From Red Carpets To Welfare: A Conservative’s Journey Through Social Programs


Before I met my ex-boyfriend, I was living a fabulous Hollywood life. I was single, healthy, happy, attended red carpet parties and I had developed a successful six-figure career as a senior editor for an entertainment magazine. I began dating my ex-boyfriend in the spring of 2012 and after six months he completely destroyed the life I had worked so hard to build. On October 8, 2012, I was diagnosed with viral meningitis. My doctors were at a loss to explain how I could’ve contracted the disease. Although my initial test results were negative, my doctors knew there was a chance the meningitis could’ve been induced by an STD that I wasn’t testing positive for yet. It turned out that the cause of my meningitis stemmed from genital herpes that my ex exposed and infected me with. Since he lied to all my doctors and I about his condition, his deceit delayed and obstructed my treatment. This caused the hsv2-meningitis to progress to the potentially fatal meningoencephalitis and left me with brain damage. I’m pursuing civil and criminal charges against my ex, you can read more about my cases here.

The disease left me unable to care for myself and bedridden at my parents’ home in Chicago for weeks. My brain damage handicapped my reading, writing, memory, vision and left me with dozens of various ongoing health problems. As you can imagine, this is highly problematic for a writer. I lost my full-time job because I was unable to work. I later lost my gig as a weekly columnist for a Chicago publication the day my lawsuit went public. My boss called me up and told me the paper “doesn’t want to be associated with herpes”. She told me if I did any interviews about my case, I wasn’t allowed to say publicly that I currently worked for the publication even though I had already filed my next few columns scheduled to run the upcoming Sundays. I didn’t feel comfortable lying about my relationship with the company so I resigned immediately.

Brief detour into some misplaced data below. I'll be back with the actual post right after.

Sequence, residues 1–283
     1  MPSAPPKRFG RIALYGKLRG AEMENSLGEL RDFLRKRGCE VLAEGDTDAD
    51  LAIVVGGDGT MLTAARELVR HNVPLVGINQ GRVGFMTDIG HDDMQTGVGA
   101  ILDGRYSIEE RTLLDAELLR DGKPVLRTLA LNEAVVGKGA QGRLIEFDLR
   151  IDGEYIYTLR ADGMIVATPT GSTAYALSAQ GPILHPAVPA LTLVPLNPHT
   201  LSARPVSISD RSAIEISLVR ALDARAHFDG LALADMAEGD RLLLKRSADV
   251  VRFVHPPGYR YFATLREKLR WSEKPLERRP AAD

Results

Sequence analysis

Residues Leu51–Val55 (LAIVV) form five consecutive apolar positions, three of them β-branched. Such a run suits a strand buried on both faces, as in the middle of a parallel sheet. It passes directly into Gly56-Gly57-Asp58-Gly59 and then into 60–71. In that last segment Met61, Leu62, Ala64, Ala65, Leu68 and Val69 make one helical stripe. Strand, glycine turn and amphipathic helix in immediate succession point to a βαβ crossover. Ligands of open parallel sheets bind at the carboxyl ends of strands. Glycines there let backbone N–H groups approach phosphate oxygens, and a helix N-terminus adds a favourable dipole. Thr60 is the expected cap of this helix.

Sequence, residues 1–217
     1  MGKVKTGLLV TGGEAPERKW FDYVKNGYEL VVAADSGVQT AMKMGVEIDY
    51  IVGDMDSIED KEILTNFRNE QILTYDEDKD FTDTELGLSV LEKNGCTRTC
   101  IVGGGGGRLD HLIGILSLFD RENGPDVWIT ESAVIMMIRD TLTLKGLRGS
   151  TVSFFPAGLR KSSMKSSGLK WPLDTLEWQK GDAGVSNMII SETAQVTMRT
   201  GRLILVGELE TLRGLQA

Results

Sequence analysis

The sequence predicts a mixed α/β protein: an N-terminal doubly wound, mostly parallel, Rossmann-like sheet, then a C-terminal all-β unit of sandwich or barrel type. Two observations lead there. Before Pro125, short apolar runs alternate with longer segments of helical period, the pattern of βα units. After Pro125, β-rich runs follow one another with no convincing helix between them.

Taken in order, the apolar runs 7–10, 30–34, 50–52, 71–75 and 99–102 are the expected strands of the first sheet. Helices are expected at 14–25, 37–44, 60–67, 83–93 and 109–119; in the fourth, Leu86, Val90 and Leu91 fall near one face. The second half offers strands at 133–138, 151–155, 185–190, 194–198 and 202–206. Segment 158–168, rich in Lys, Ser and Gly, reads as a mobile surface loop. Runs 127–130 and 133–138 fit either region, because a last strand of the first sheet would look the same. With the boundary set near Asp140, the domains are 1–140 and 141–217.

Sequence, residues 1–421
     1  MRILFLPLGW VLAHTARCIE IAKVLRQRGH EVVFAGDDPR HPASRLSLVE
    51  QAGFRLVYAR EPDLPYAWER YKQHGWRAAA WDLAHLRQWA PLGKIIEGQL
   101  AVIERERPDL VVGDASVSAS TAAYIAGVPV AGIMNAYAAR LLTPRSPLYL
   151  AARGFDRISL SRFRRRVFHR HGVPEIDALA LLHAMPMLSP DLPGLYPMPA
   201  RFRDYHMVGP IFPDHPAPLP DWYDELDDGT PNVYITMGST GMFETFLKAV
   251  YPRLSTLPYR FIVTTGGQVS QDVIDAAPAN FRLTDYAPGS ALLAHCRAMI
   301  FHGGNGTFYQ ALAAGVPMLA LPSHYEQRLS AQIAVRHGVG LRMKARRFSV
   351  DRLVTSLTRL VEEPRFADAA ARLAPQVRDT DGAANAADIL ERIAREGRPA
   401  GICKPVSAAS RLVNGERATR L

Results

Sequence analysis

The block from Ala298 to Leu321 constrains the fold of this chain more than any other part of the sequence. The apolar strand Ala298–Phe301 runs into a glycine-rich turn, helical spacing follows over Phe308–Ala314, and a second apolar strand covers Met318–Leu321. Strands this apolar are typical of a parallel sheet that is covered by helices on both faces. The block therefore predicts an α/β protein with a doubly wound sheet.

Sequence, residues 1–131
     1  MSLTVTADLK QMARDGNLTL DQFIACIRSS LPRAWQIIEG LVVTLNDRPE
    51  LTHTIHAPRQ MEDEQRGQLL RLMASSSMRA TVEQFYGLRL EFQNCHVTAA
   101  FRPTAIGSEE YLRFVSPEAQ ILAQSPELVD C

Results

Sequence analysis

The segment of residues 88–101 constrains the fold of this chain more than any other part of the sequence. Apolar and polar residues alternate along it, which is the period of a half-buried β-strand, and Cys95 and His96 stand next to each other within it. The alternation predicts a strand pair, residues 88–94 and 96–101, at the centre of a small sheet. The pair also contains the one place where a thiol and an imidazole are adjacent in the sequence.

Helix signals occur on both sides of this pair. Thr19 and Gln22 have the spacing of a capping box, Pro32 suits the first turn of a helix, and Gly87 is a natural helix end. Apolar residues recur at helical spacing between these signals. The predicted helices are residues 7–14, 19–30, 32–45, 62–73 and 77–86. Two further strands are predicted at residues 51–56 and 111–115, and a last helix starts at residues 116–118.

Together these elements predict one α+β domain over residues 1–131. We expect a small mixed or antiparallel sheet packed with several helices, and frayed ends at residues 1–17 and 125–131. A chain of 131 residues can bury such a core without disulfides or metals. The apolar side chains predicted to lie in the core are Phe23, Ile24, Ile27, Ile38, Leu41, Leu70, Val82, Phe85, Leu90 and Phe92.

On top of that, when I got ill I had recently switched full-time jobs. My old insurance had just ended and I hadn’t gotten new insurance yet. I found myself jobless, disabled, with no insurance and I had medical bills mounting to six-figures. I felt lost, totally helpless and even contemplated taking my life. I was deep in the valley of the shadow of death without a clue how to get out.

I slowly got back on my feet and began to dig my way out of the crater I had found myself in one step at a time. I grew up as a conservative Republican in a right-wing household. I worked on George W. Bush’s presidential campaign and in the Bush White House through the State Department. I’ve never been against social programs. However, I do believe social programs should be a hand up, not a hand out. There are a lot of flaws in government programs, and sadly, many people take advantage of the system. But they do help a lot of people in great need. Due to my situation, I’ve been able to benefit greatly from various government and charity programs. I would not have been able to get out of the mess I found myself in if it wasn’t for these programs. I’m so grateful these programs exist as a safety net for people like myself who find themselves down on their luck in a remarkable situation. I have not been able to work full-time for almost two years now, but I have managed to erase the debt of all my hospital bills and to this day I have never missed or turned in a rent check late. Here’s how I survived: